Economist Chris Richardson has suggested that the government will need to enact an ongoing wage subsidy that will help support a select number of businesses post-JobKeeper, especially those impacted by the changing shape of the recession.
Noting that JobKeeper and JobSeeker have been the standouts of the government’s entire COVID response, Mr Richardson, a partner at consultants Deloitte Access Economics, opined that “more dollars are needed” to get Aussies back in jobs and businesses up and running.
“How much more depends on our success against the virus and in opening up. But the recession is changing shape fast, so the nature, timing and dollars of support needs to change fast,” Mr Richardson said in Deloitte’s latest Business Outlook report.
He explained that a new wage subsidy program, dubbed JobTweaker, could apply to a smaller range of businesses, such as those with ties to international borders, and acknowledged that the dollars per person may need to be lower than under JobKeeper.
Deloitte’s report, published on Monday, forecasts unemployment to reach a record 8.2 per cent at the end of June next year, with pre-COVID levels expected not to resurface before 2023–24.
JobKeeper’s future has been the source of robust debate for some time, with the Prime Minister recently conceding that the government is in fact looking at providing targeted support to hard-hit industries post-September.
“As I assured, whether it be Qantas or those in the entertainment sector or the tourism, hospitality sector or regions like North Queensland, we get it, we understand that they are going to be hurting more for longer than other parts of the economy,” PM Scott Morrison said in late June.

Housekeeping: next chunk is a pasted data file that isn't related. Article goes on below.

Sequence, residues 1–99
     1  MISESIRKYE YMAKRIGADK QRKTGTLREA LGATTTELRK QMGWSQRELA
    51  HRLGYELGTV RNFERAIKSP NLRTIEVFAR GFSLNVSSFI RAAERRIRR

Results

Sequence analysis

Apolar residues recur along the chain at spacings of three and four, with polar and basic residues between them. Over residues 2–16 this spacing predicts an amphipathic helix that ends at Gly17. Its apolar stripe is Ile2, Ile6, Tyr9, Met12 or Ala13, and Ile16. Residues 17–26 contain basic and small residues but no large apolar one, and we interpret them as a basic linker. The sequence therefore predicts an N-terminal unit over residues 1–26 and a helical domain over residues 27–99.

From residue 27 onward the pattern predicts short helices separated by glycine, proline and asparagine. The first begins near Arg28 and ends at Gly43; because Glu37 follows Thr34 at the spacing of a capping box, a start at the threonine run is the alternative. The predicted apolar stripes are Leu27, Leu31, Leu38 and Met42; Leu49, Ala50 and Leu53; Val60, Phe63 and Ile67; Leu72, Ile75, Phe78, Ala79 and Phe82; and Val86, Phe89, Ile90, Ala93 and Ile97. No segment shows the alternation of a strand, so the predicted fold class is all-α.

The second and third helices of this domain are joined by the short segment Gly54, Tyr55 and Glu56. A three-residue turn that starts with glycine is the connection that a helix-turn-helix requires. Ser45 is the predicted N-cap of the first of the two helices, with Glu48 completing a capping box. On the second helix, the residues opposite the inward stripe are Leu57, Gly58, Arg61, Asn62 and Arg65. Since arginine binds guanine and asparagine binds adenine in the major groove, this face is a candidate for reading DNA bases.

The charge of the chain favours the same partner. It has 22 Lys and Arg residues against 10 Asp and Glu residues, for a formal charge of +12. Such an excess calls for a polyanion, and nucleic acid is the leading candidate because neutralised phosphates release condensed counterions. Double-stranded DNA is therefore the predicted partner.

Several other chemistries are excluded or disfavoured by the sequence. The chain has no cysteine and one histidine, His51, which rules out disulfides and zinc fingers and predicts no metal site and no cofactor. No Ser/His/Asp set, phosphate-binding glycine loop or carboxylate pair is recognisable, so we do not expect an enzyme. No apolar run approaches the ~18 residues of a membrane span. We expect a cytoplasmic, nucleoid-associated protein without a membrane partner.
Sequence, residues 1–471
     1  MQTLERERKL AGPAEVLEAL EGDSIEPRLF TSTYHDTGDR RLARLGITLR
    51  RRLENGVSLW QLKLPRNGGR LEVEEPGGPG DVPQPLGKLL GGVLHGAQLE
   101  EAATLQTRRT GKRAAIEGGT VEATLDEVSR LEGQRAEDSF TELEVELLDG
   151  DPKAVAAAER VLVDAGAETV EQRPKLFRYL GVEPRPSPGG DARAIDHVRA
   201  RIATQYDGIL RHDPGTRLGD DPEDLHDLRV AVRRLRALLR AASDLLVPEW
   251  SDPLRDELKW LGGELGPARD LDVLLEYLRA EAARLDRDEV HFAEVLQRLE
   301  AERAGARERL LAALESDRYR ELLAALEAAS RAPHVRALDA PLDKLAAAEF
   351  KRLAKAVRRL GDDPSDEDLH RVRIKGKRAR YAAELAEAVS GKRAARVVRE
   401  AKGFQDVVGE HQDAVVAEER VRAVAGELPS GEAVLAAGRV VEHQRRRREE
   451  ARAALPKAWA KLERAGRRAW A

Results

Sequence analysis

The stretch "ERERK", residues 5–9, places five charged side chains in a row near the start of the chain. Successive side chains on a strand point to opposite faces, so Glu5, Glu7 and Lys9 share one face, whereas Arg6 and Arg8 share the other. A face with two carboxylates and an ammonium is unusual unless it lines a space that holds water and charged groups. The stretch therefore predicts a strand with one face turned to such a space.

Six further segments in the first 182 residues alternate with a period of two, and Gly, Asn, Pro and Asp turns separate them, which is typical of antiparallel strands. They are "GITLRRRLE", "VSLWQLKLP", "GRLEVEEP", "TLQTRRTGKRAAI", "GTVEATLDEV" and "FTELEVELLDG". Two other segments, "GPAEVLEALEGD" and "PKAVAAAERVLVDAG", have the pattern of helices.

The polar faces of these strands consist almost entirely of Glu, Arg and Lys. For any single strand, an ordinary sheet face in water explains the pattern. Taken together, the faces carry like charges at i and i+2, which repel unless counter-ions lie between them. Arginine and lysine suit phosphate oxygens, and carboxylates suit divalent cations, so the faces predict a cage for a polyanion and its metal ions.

Not wanting to reveal what form of support businesses can expect, the PM said: “We’ve got to make the decisions and we’ve got to get them right and we’ve got to calibrate them correctly. We’ve got to get the design right.”
A decision on a JobKeeper successor is expected to be announced on 23 July, when Treasurer Frydenberg is due to hand down an economic update.
But Deloitte has stressed that while the recession may well have past its worst, Aussies are struggling, increasing the need for continued stimulus support.
“Families are struggling with the toxic trio of high debt, high unemployment and low confidence,” Mr Richardson said.
Debating Australia’s growing debt, which would inevitably swell further if new stimulus packages are introduced, Mr Richardson stressed that the “best way to fix the budget is to fix the economy”.
“As Treasury notes, if we can repair the economy, then we’ll repair the budget. Or as the PM puts it, ‘the best way to raise revenue is to get people back into jobs and the economy moving again’.”
Deloitte predicts Australia’s economy to contract by 3 per cent this year, before bouncing back to growth of 4.7 per cent in 2021.